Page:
In August they flew to Iowa to make their presentations to the Foundation's board. The next day they got the call.
Droste's $5 million will support Moffitt's Center for Excellence for Evolutionary Therapy, which is improving cancer therapy by using mathematical models to predict how tumors grow and spread. It will support an endowment to fund the work of a tumor board oncologist. It will also pave the way for Integrated Mathematical Oncology clinical trials, said Moffitt director of corporate and foundation relations Lindsay Voltz.
This is on top of Jacobson's $1 million gift to Moffitt in 2017, which created an endowment chair in mathematical oncology, held now by Dr. Alexander Anderson, who is using mathematical techniques to improve cancer therapy. The gift also provides scholarships to high school students interning in the integrated mathematical oncology department.
McIntyre's $5 million from the Jacobson Foundation will help the Pinellas Education Foundation construct a veterinary science building at the Seminole campus of the Richard O. Jacobson Technical High School, which opened in August and replaced the county's career technical academies.
The $5 million gift, the largest in the Education Foundation's history, will also fund Elevating Excellence, a district-wide initiative to provide high-achieving minority and low-income students with support to get to college. The $1 million in 2017 created an endowment fund to pay for a variety of career and technical initiatives in perpetuity, from student internships to certification programs.
"You see gifts like this going to higher education all the time, but for an organization to say we're doubling down on K-12 education ... that we're willing to invest in their potential to succeed, it's a moment that lends credibility to investing in K-12 education," Pinellas Education Foundation president Stacy Baier said.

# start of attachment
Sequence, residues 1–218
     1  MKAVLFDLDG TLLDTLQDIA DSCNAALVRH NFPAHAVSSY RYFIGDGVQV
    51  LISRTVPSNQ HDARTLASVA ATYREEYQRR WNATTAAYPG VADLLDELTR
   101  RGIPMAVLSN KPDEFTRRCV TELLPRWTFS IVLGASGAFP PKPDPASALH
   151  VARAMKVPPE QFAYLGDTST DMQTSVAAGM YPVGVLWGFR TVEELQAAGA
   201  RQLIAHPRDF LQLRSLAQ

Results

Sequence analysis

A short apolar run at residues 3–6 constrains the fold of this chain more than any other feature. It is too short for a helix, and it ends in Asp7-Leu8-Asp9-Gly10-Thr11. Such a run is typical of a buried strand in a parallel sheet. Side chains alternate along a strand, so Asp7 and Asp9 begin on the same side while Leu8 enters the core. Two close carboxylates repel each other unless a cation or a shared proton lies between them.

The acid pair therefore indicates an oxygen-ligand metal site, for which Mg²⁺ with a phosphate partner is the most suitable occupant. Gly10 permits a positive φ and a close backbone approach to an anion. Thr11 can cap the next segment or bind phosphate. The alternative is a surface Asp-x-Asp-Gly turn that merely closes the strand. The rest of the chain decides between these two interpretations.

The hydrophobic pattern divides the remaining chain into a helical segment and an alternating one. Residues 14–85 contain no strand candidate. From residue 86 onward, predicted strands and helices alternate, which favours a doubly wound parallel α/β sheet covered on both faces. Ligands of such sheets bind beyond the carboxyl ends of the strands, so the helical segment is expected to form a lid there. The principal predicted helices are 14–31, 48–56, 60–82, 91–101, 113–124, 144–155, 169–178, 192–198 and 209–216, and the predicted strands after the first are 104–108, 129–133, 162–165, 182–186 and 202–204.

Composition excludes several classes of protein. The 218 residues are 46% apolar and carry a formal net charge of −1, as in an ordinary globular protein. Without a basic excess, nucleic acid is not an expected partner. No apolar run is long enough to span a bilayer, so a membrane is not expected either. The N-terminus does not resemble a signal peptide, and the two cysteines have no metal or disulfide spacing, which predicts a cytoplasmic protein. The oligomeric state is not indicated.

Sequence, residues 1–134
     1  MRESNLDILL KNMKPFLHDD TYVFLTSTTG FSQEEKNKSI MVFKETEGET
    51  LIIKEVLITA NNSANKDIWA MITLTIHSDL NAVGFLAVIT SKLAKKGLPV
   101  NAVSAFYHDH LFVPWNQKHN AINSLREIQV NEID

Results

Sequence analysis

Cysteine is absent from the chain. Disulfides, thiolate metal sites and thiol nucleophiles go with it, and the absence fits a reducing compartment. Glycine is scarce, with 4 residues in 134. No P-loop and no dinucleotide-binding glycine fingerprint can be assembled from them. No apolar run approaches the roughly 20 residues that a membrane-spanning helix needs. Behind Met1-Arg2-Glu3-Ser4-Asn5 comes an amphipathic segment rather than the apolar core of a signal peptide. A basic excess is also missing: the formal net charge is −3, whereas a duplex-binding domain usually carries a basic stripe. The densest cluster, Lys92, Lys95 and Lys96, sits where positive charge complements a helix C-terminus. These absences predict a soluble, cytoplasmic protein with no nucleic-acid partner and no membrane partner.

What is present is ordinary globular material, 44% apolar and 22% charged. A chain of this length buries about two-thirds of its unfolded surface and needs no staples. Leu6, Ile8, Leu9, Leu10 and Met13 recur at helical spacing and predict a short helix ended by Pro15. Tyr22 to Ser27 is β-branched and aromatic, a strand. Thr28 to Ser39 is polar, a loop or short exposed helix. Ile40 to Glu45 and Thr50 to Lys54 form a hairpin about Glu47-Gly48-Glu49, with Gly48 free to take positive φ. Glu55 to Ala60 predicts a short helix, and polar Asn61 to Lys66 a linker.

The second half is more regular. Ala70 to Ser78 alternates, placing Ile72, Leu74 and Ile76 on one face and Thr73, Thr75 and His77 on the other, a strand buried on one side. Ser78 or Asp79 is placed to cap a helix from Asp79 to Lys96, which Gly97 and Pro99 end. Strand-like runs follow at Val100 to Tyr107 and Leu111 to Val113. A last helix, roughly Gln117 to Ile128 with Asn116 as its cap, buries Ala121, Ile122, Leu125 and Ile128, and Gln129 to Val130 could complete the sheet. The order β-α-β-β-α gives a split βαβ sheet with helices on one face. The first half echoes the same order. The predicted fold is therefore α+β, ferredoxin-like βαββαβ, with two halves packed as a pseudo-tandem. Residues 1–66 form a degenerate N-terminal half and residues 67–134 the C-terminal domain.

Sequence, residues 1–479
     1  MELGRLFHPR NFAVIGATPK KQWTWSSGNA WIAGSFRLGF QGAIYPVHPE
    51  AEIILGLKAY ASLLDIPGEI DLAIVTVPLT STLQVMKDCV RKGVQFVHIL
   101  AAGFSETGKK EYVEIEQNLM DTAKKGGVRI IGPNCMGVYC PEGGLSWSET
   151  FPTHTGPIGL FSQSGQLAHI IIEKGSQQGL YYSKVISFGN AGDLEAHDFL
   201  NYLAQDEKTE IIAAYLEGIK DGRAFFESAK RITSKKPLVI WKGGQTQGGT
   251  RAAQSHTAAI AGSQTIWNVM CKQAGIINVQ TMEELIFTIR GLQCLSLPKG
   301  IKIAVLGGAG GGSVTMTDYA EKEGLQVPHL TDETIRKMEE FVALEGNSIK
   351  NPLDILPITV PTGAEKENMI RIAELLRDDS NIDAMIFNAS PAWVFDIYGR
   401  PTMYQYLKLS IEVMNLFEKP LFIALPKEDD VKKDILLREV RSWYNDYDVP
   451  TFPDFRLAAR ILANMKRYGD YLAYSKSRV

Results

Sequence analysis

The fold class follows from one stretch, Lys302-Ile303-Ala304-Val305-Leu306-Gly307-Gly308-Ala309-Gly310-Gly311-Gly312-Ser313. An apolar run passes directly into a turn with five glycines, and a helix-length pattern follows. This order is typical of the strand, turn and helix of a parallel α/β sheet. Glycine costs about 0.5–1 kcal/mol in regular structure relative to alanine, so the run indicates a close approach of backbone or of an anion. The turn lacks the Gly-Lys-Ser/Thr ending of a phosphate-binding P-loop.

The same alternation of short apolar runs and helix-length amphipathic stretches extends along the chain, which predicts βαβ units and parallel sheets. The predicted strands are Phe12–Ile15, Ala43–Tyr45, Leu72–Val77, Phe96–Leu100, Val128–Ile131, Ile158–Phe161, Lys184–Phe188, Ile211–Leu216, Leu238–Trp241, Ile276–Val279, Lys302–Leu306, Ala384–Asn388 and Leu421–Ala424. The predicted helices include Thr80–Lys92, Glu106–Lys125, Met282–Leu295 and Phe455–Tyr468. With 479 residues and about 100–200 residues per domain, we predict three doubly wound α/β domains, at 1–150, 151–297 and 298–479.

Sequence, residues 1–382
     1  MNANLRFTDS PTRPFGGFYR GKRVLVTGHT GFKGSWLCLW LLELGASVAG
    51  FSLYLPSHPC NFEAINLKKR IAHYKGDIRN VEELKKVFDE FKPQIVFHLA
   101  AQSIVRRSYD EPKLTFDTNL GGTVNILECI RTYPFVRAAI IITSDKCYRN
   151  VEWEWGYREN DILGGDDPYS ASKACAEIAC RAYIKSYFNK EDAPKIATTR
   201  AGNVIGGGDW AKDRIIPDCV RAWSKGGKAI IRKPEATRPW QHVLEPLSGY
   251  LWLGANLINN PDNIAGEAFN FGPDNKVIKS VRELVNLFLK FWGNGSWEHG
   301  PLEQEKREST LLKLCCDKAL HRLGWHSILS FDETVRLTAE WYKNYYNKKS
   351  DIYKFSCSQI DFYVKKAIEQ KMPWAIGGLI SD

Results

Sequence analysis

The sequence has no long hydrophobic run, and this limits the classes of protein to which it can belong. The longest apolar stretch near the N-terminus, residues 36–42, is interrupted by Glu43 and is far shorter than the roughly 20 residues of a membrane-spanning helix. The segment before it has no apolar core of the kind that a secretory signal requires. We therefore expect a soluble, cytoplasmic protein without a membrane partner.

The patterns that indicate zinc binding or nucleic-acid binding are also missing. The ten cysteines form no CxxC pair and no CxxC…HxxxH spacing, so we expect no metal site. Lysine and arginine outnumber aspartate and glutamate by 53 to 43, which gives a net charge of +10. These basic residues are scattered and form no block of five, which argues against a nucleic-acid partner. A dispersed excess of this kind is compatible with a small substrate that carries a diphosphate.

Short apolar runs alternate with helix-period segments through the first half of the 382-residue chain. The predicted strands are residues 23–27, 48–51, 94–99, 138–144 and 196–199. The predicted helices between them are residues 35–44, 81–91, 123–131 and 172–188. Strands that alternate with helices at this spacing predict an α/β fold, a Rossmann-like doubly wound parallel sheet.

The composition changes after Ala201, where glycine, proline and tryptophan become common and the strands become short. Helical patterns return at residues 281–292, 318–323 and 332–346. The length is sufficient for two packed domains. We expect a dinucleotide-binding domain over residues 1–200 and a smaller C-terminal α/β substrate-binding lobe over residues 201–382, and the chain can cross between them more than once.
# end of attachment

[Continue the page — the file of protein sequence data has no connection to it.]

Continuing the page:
Chivas said he had talked to Jacobson over the years about the transformative experience the Clearwater Marine Aquarium gives to disabled children and veterans who come to see Winter the dolphin thriving with her prosthetic tail. Chivas put half of the Jacobson Foundation's $1 million gift in 2017 and half of Jacobson's $5 million gift this year towards the aquarium's $66 million expansion of its aging facility on Island Estates.
Chivas spread the remaining $500,000 in 2017 between about a dozen Tampa Bay charities and is putting the remaining $2.5 million of this year's gift to the development of a culinary college in partnership with Pinellas County and St. Petersburg College.
Aquarium CEO David Yates said the combined $3 million will build a 7,000 square-foot R.O. Jacobson Education Center in the new facility, which will host school groups and other educational tours on marine life and conservation.
"The initial $1 million grant Dick gave us in 2010 changed the trajectory of our organization," Yates said. "These donations have been a true game-changer, allowing us to expand our mission, including care for more animals and new species, such as manatees."
Between the gifts through his three friends, and independent donations he made in his lifetime, the Jacobson Foundation estimates he made at least $25 million in contributions in Tampa Bay.
It's been more than two years since Jacobson died, but Chivas said his philanthropy to the community will have a longtime impact. These gifts were intended for longevity: endowments to fund research for years to come, a school to reach generations of children, an educational aquarium that is poised to further conservation in Florida.
"This will never be the last mark," Chivas said. "He didn't do things that affected one or two people. He made sure it was going to affect the masses. He's given things here that will last forever."
Contact Tracey McManus at firstname.lastname@example.org or (727) 445-4151. Follow @TroMcManus.